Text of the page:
Zerelda herself died in 1911 and was buried in the plot with her boys.

That tall marble tombstone has since been replaced by a government-issued military headstone.  It details the outfits with which Jesse fought in the Civil War.  A large granite marker, flush with the ground, names Jesse and Zerelda.

In 1995, forensic experts apparently proved that Jesse’s remains were in fact in his grave, so that all the men who claimed that Jesse had escaped and grown old peacefully were proved to be imposters.  Rest in Pieces: The Curious Fates of Famous Corpses gives a pretty good rundown of the exhumation and analysis.

Useful links:

Photos of Jesse James and Zerelda Samuel’s gravestones at Mount Olivet

Map to Jesse’s grave

A biography of Jesse James’ wife Zee

A history of Kearney, Missouri

Things to do in Kearney, Missouri

A 1995 story about the exhumation of Jesse James, from the Chicago Tribune

A round-up of the Jesse James impostors

Cemetery of the Week #80: the Mütter Museum

The Museum at is appeared in the 1880s.

The Mütter Museum of the College of Physicians of Philadelphia
19 S 22nd Street
Philadelphia, Pennsylvania 19103
Phone: (215) 563-3737
Founded: 1858
Number of interments: several hundred
Open: 7 days a week from 10 a.m. to 5 p.m.
Closed: Thanksgiving, December 24, December 25, and January 1
Admission: General $15, Military and Senior (with ID) $13, Student (with ID) and 6-17 years $10. Children under 5 are free.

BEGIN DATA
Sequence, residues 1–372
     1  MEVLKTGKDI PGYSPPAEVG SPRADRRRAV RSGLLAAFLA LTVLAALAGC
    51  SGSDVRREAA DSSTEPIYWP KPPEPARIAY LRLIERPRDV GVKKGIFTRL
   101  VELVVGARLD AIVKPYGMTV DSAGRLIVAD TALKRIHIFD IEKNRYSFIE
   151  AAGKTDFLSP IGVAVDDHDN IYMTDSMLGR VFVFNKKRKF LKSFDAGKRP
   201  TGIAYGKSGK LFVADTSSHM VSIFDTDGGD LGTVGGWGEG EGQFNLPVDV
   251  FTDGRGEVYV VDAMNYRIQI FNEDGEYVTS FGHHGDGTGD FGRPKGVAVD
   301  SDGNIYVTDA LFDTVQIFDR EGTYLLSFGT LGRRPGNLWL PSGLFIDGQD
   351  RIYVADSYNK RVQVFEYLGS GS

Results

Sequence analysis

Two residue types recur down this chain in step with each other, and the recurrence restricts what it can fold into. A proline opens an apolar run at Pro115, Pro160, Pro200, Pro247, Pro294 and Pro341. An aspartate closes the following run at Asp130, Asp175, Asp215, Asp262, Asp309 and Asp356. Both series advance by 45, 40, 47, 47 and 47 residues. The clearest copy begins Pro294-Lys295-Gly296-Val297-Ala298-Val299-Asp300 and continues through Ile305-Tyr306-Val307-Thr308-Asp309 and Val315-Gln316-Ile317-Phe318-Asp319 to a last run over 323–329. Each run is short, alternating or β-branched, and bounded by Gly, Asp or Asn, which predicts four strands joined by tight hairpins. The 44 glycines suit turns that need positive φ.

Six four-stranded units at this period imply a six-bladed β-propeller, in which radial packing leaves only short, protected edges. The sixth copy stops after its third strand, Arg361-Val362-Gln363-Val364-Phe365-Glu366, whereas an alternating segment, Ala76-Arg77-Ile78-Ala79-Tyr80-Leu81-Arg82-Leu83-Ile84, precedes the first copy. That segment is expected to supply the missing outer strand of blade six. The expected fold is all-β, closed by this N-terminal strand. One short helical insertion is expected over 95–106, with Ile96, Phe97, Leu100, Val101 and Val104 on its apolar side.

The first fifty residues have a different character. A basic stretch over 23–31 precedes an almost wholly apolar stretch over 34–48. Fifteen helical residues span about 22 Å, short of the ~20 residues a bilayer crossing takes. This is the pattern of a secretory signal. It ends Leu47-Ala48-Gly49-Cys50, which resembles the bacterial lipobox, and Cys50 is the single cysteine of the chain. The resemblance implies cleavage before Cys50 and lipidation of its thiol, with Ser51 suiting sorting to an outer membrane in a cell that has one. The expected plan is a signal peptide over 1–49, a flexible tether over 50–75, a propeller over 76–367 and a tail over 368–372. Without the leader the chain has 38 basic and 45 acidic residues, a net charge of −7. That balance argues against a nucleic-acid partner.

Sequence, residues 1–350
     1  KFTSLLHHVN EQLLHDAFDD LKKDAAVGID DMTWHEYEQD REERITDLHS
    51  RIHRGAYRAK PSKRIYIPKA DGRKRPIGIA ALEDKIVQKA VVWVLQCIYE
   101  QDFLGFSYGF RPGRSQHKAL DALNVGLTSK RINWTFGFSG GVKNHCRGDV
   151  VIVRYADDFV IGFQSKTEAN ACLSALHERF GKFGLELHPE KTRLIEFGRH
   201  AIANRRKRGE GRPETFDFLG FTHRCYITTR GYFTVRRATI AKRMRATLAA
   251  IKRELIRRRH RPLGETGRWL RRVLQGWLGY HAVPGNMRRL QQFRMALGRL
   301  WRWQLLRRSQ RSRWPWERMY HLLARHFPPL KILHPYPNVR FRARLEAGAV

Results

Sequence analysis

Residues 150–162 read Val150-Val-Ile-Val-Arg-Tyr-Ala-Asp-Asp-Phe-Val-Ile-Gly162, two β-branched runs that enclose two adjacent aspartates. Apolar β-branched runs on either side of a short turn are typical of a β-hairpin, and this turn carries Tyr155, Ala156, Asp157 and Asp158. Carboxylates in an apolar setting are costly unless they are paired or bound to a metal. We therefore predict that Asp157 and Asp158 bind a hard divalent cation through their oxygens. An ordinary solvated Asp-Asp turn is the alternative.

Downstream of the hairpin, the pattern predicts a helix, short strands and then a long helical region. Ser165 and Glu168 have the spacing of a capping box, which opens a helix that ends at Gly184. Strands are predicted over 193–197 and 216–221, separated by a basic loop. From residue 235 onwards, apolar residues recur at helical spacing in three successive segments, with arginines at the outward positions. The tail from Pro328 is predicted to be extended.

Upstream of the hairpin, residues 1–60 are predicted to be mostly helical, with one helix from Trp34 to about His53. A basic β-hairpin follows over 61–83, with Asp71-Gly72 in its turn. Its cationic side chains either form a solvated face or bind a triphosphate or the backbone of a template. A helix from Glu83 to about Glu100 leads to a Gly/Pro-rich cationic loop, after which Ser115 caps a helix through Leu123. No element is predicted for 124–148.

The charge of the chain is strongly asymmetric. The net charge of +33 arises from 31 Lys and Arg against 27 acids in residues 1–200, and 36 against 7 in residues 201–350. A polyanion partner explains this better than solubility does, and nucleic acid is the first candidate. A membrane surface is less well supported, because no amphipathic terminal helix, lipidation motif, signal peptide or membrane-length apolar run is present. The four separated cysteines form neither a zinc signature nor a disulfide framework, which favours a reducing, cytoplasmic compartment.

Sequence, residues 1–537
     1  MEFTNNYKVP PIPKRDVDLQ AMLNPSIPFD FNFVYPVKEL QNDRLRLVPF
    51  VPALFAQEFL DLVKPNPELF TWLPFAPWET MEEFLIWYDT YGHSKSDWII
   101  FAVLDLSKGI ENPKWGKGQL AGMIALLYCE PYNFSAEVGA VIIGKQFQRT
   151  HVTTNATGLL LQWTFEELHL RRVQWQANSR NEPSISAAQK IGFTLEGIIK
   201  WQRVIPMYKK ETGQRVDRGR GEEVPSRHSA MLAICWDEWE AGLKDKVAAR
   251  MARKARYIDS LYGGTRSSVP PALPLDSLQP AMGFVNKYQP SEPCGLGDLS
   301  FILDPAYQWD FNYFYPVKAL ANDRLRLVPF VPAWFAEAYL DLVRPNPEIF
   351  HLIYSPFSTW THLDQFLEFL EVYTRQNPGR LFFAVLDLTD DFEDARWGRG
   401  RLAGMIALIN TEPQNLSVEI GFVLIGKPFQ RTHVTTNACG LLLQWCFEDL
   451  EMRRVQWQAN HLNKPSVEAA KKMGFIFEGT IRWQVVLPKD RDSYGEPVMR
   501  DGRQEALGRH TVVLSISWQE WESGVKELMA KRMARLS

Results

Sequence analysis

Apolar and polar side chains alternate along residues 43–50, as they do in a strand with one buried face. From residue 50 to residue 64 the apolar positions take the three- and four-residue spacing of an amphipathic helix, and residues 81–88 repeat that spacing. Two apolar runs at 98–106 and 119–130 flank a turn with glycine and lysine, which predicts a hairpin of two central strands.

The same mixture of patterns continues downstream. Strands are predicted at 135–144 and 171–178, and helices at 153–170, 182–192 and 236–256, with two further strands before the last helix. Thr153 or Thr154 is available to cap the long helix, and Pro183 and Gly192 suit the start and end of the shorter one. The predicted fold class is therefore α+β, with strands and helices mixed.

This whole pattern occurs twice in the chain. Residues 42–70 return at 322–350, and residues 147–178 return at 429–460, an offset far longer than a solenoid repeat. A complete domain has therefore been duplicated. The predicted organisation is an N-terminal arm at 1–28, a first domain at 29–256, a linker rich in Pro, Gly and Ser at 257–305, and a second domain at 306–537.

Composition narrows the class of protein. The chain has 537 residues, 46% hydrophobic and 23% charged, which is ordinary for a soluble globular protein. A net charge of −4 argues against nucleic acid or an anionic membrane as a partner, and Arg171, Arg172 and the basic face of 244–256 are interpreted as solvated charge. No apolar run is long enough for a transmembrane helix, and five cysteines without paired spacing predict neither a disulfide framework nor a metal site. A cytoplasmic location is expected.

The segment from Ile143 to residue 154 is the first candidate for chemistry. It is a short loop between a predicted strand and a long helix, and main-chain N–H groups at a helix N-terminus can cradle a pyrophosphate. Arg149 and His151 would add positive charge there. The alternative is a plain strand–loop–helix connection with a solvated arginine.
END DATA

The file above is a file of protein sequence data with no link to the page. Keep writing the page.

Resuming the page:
What makes a place a graveyard? Is it bodies interred in dirt? If that’s the case, then the USS Arizona Memorial isn’t a cemetery, despite what the National Park Service says. Is it the presences of markers standing over graves? The African Burial Ground didn’t cease to be a graveyard simply because it was forgotten and covered over. Is it a graveyard if it contains the residue of dead humans – like the Rosicrucian Egyptian Museum or Westminster Abbey? Do the bodies have to be whole? Are the Paris Ossuary or the Capuchin Catacombs of Rome or the Bone Church of Kunta Hora graveyards? What about places that used to house bodies — like the Catacomb of St. Sebastian or the Atrium of St. Maclou — where all the bodies have been removed? Do they stop being cemeteries once they’re empty?

Everything on the list above has been featured as a Cemetery of the Week here on Cemetery Travel. As you can see, my definition of a graveyard is broad. The way I define cemeteries or graveyards, people or bits of people or the cremains or mummies of people must rest – or have rested – on the site for a period of time. A murder site is not a graveyard, unless, like the garden in Rouen where Joan of Arc was burned at the stake, it becomes a permanent shrine.